April 26, 2007
Do You Know Your State Government?
For many, the fourth grade is a distant memory. So for that same majority, knowledge of state government may be just as vague a recollection.
First District State Representative Brian Munzlinger was in Memphis on Friday, April 20th to meet with fourth grade students at the Scotland County Elementary School. The students are in the middle of government and civics lessons that teach them how state government works.
Munzlinger talked to the kids about the first district, his job and how Jefferson City works.
The nine and 10 year olds were able to answer many of the representative’s questions about how the state government functions.
However, just like when the crowd that attends the spelling bee cringes at some of the difficult words that must be deciphered by the youngsters, many of the adults present for the program appeared puzzled by some of Munzlinger’s queries.
The presentation talked about the three branches of state government.
Munzlinger also talked about the state capital building and the facility’s history.
“When I am able to give people the tour of the state capital, I always like to start in the basement,” Munzlinger said. “There are pictures there of when the building was under construction back in 1917. I always start there if I can because I like people to see the photos of the foundation and the cornerstones that were the start of one of the nation’s most ornate state capital buildings.”
The representative walked the students through the legislative process, starting from the basic idea for a new law all the way to its enactment.
The students knew that a law got its start as a bill, but Munzlinger discussed the process from its very beginning. The idea for a law is first introduced by a member of the House or Senate and then is sent to the entity’s legislative research division where workers study the concept, drafting prospective legal language while considering the impact such legislation would have on current laws.
The idea ultimately leaves this area as a bill, Munzlinger told the students. It has a first and second reading before the house and then is sent to committee for consideration where a public hearing is held to get further input on the proposed law.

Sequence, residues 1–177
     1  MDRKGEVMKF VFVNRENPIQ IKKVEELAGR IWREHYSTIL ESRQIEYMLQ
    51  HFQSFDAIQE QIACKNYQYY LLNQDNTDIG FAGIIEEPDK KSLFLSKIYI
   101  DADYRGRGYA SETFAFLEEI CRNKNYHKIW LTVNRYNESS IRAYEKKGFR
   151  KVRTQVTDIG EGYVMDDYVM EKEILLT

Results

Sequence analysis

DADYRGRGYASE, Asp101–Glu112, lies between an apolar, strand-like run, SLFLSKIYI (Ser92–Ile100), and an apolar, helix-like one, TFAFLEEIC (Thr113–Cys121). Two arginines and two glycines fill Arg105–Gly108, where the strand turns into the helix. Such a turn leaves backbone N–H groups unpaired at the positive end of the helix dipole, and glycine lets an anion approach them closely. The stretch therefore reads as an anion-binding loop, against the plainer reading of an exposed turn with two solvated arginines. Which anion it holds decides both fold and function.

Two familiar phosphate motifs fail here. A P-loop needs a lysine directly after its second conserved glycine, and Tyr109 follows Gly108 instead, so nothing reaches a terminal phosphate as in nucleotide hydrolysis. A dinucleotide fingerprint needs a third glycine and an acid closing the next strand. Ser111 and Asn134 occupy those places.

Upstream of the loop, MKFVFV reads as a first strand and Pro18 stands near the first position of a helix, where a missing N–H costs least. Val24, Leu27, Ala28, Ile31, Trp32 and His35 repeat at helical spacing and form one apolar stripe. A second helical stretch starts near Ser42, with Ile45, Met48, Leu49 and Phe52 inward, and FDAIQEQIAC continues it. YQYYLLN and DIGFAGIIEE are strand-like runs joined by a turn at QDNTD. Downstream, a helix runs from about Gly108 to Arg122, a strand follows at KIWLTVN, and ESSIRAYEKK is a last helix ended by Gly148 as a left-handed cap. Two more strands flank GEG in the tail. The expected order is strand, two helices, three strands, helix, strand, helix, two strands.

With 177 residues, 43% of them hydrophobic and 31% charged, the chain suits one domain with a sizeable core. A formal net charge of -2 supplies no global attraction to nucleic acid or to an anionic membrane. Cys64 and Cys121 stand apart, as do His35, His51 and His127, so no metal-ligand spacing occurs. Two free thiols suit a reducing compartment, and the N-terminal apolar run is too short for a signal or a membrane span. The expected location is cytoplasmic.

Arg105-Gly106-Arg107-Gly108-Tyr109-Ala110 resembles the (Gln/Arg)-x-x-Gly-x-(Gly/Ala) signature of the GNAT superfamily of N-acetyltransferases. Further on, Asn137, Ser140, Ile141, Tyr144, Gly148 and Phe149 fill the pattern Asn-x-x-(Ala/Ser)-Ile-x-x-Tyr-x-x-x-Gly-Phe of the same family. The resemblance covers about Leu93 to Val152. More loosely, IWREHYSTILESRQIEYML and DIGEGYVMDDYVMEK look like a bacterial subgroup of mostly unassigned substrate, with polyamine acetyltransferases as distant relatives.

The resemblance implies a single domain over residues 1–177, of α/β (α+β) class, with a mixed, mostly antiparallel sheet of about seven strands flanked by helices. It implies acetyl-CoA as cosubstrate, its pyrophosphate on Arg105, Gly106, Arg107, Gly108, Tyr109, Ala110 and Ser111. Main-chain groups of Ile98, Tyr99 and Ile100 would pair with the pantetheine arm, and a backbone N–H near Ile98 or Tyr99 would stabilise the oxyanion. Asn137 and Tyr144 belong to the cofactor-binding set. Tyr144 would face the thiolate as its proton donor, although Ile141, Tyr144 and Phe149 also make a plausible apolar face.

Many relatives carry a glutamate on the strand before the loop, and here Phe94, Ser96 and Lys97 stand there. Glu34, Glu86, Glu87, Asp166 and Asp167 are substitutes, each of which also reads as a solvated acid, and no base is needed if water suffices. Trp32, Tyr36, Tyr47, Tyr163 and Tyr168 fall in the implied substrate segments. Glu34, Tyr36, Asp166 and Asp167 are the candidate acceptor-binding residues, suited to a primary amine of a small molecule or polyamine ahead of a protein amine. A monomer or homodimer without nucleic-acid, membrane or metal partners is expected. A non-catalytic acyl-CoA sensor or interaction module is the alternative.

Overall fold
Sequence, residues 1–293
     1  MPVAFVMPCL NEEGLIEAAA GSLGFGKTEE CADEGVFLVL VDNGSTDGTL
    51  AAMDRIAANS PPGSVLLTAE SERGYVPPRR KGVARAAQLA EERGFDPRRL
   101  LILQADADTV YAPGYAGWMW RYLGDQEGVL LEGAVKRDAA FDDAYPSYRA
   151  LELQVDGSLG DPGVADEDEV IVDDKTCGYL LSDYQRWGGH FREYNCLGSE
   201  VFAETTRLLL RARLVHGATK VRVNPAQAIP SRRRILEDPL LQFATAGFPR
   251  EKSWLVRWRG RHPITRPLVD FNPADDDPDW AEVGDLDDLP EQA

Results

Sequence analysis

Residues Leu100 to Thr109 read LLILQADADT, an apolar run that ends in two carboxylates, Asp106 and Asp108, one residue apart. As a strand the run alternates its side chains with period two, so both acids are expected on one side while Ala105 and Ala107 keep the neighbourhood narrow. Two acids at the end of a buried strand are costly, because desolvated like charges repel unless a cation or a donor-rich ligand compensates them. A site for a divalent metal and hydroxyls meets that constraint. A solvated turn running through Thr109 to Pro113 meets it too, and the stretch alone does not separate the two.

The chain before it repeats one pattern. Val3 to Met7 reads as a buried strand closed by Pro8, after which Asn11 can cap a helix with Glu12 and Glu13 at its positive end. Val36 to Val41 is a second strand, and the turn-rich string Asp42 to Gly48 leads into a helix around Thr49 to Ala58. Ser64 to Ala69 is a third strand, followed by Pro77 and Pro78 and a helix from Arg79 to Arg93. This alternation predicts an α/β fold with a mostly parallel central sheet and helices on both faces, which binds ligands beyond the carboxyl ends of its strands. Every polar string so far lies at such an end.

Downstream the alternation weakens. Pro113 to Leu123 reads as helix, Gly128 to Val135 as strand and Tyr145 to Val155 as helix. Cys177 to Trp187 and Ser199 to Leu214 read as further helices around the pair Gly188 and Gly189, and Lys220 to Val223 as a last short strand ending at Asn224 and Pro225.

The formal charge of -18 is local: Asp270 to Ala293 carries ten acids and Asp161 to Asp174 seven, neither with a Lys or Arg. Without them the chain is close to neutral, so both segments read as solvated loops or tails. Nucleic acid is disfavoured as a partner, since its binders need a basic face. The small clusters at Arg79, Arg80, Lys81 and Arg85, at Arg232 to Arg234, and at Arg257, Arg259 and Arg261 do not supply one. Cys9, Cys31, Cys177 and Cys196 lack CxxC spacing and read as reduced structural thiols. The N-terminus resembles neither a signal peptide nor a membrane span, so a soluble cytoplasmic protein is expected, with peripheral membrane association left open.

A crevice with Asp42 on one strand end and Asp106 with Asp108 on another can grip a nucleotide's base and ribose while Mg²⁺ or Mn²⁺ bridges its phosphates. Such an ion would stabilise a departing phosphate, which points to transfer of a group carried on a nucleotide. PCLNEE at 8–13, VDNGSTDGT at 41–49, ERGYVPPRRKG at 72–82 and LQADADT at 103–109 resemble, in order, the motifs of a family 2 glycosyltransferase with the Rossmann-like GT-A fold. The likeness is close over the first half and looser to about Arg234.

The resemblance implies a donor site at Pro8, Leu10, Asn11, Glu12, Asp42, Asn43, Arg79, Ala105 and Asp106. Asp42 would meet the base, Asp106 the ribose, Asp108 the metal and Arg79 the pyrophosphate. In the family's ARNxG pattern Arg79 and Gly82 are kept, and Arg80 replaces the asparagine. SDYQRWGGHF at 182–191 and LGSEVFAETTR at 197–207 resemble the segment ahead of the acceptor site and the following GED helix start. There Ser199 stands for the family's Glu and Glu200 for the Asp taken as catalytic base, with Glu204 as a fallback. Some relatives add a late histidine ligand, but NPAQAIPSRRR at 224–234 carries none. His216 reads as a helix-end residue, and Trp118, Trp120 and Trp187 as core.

If passed out of committee the entire House considers it. During the initial consideration, members of the full House often offer amendments or changes to the bill, before ultimately deciding its fate with a vote.
“Each of the 163 representatives has a desk, upon which there is a laptop computer for us to track the bills we are discussing in session,” Munzlinger stated. “The desk also has a vote button, where each of us casts his or her decision on the bill.”
The proposed law goes through the same process all over again in the Senate. If approved there as well, the legislation goes on to the governor.
The students knew that the governor could sign the bill into law or he could veto it, and send it back to the legislature. But Munzlinger reminded them, why it is rarely done, that legislation can become law without the governor’s signature, if no action is taken to sign it or veto the bill within 15 days during session or 45 days after session.
While the students are learning about the governmental process, Munzlinger also tried to point out some nuances in the system they might not read about in books.
He unfolded a Missouri map and outlined his service area in the first district, which consists of Clark, Scotland, Schuyler, Knox and Lewis counties as well as a small portion of Adair County.
“I have one of the largest districts in the state,” Munzlinger told the students. “If you took the first district and overlaid it in the St. Louis area, the same amount of area would cover the districts of more than 40 representatives down there.”
He explained the 163 house districts are created in an effort to equally distribute population.
This type of districting creates obvious differences between the districts.
The fourth graders were aware that agriculture is the #1 industry for the first district and also were able to discuss several of the other differences between the rural and urban regions.
Munzlinger pointed out one more difference as he closed his presentation by telling the kids he was off to see the fourth graders at Schuyler County, the last of his stops at the nearly one dozen schools in his district.
“A few of the most urban districts do not even have schools within the district boundaries,” he stated.